MoviePass Rises from the Grave to Charge Former Users’ Credit Cards
MoviePass's problems continue, even though the service is no longer in use. The movie ticket subscription service, after months of financial hardship and proven customers, officially shut down in September. However, several former subscribers recently reported suspicious charges on their accounts following the closing of MoviePass, raising new questions about the company's business practices.
According to a new report, several former subscribers reported MoviePass debits credit cards after the service closes Sept. 14. One user in Chicago claims to have noticed charges of $ 9.95 and another of $ 5.64. Chief Executive Officer Mitch Lowe said in a statement that the information was false and downplayed any problematic practice on their part as an isolated incident. Here's what Lowe had to say about it.
"One subscriber, out of several thousand subscribers to MoviePass, has been billed $ 9.95 on September 15 and has seen this amount refunded. We are aware that some of our subscribers were mistaken in the refunds appearing on their credit card statements. "
MoviePass caused a sensation in 2017 by announcing that it would offer unlimited video output for 9.95 $ per month. Users could watch a movie a day, with few restrictions, at least the theater of their choice, all for an extremely low price, since the average price of a single movie ticket in the US is just lower than the company billed each month. Naturally, many industry players were wondering how this would be a viable business model, but it did not concern moviegoers, subscribers being connected in droves.
Unfortunately for the parent company of MoviePass, Helios and Matheson, this led them to waste money because the company was paying full price for each movie ticket. This led to rapid changes in terms and conditions, which frustrated subscribers. After a series of stops and problems, the service was finally suspended permanently. However, other services have appeared since, like Regal Unlimited, the ABM Stubbs A-List, the Alamo Drafthouse season pass. A good idea is a good idea and theaters have found a way to make the MoviePass business model work on their own terms. ]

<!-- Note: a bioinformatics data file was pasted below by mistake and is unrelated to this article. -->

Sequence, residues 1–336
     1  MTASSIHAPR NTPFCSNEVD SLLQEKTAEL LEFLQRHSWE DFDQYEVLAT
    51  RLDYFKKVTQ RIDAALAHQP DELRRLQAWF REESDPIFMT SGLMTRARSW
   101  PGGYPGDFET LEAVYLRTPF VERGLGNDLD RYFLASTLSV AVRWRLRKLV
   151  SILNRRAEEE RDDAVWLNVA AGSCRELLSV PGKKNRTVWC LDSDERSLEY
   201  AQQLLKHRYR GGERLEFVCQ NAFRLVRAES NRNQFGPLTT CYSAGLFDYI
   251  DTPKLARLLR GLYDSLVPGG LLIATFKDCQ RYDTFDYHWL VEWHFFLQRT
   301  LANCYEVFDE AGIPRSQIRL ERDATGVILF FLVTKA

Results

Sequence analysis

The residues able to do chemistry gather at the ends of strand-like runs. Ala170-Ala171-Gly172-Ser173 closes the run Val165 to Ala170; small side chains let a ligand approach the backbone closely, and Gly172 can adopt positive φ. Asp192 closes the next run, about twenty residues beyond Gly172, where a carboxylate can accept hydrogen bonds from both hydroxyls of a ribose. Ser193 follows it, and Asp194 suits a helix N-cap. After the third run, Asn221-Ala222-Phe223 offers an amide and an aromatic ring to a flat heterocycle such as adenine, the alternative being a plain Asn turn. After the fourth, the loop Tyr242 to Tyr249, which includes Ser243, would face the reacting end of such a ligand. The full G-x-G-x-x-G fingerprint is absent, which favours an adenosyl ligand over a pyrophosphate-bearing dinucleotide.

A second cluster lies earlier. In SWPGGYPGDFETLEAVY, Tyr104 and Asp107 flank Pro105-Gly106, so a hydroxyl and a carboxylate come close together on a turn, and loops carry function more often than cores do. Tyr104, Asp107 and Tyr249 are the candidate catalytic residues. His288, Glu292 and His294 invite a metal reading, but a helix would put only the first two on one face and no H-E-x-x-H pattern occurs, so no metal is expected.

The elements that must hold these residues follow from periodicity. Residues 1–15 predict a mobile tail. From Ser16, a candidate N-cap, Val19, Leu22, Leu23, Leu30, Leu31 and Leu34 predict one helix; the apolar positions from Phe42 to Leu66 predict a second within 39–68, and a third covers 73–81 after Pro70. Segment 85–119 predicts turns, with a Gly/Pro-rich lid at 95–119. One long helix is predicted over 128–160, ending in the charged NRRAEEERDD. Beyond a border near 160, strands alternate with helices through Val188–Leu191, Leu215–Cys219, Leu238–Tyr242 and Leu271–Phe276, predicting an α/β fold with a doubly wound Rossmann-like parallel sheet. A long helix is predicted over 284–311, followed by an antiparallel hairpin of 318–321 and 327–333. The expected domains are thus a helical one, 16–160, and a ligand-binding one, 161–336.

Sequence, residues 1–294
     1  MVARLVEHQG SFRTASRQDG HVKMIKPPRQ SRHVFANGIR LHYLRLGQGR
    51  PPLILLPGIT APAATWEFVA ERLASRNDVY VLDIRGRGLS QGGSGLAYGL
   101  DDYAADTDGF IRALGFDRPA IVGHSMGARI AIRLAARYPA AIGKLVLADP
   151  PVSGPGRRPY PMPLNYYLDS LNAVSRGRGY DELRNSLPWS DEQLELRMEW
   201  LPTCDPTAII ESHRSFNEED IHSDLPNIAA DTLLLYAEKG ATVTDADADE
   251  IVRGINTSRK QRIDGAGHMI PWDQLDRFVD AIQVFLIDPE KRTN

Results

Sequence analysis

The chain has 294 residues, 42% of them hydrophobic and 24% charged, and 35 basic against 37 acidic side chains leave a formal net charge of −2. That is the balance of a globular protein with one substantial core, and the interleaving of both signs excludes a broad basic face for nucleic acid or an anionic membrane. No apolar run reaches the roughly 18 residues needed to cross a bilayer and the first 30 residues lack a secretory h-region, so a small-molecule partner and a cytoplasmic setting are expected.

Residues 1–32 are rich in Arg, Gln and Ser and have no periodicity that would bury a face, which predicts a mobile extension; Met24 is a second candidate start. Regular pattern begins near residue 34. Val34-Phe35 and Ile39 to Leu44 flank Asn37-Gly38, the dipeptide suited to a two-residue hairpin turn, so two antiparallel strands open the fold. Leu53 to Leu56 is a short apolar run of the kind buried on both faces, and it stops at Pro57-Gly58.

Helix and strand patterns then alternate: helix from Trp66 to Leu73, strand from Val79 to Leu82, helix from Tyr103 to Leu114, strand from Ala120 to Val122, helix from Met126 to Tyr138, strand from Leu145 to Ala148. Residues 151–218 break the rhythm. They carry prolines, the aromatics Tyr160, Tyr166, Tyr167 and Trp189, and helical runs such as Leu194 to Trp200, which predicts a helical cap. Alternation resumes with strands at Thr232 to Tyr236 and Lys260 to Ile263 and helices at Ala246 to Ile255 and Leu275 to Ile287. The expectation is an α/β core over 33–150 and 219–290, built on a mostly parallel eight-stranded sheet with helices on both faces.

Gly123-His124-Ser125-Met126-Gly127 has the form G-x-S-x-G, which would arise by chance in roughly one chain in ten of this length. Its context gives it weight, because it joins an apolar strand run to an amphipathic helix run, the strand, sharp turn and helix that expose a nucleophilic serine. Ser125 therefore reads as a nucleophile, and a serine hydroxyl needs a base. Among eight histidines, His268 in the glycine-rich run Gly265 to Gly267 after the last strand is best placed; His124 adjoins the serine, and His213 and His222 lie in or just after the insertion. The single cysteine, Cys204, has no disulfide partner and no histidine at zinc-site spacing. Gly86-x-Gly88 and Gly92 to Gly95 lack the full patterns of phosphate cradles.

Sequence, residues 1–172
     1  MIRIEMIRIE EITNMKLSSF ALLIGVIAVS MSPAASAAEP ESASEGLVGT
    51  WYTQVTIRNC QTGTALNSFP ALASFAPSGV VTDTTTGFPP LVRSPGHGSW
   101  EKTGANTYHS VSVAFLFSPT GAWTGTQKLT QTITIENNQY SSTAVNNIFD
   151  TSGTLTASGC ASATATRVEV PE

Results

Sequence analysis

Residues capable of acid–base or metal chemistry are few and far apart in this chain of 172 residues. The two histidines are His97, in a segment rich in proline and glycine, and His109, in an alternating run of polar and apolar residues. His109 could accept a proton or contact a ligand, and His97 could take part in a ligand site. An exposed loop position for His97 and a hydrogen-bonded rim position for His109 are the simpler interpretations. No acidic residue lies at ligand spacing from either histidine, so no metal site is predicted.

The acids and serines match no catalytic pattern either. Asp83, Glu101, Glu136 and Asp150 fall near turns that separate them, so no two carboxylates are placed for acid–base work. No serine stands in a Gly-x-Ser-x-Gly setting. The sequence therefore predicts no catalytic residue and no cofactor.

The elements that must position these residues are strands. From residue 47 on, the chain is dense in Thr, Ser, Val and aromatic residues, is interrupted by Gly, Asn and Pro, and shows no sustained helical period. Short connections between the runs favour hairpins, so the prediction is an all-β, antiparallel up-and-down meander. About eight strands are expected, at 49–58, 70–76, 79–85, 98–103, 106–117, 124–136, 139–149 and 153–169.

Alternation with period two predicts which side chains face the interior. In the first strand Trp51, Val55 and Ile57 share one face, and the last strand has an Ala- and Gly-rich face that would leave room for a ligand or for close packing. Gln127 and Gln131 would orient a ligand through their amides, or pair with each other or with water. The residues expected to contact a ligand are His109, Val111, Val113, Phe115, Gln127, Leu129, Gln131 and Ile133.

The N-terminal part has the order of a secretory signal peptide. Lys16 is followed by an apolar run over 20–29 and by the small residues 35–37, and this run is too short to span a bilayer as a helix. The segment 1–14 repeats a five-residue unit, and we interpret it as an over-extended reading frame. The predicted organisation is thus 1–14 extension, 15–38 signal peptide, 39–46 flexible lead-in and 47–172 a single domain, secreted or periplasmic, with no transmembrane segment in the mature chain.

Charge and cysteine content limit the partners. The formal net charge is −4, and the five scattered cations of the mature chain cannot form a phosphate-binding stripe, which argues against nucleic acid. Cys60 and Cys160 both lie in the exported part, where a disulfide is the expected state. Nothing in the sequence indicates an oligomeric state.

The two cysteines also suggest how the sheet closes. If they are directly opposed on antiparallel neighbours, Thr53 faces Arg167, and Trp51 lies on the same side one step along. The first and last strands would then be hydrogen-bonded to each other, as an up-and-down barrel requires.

MoviePass is facing a new wave of lawsuits filed recently by Oasis Ventures Entertainment, which is suing the company for the FilmPass Films training. Producers Randall Emmett and George Furla were working with MoviePass on the company, but Oasis had reached a pre-existing deal with them, which they allegedly raped. Surprisingly, the former CEO of Helios and Matheson, Ted Farnsworth, who recently resigned from his post, given the problems the company faced under his leadership, would have tried to buy MoviePass now . So who knows? This saga may not be good and really finished for the moment. The New York Post had already reported this news.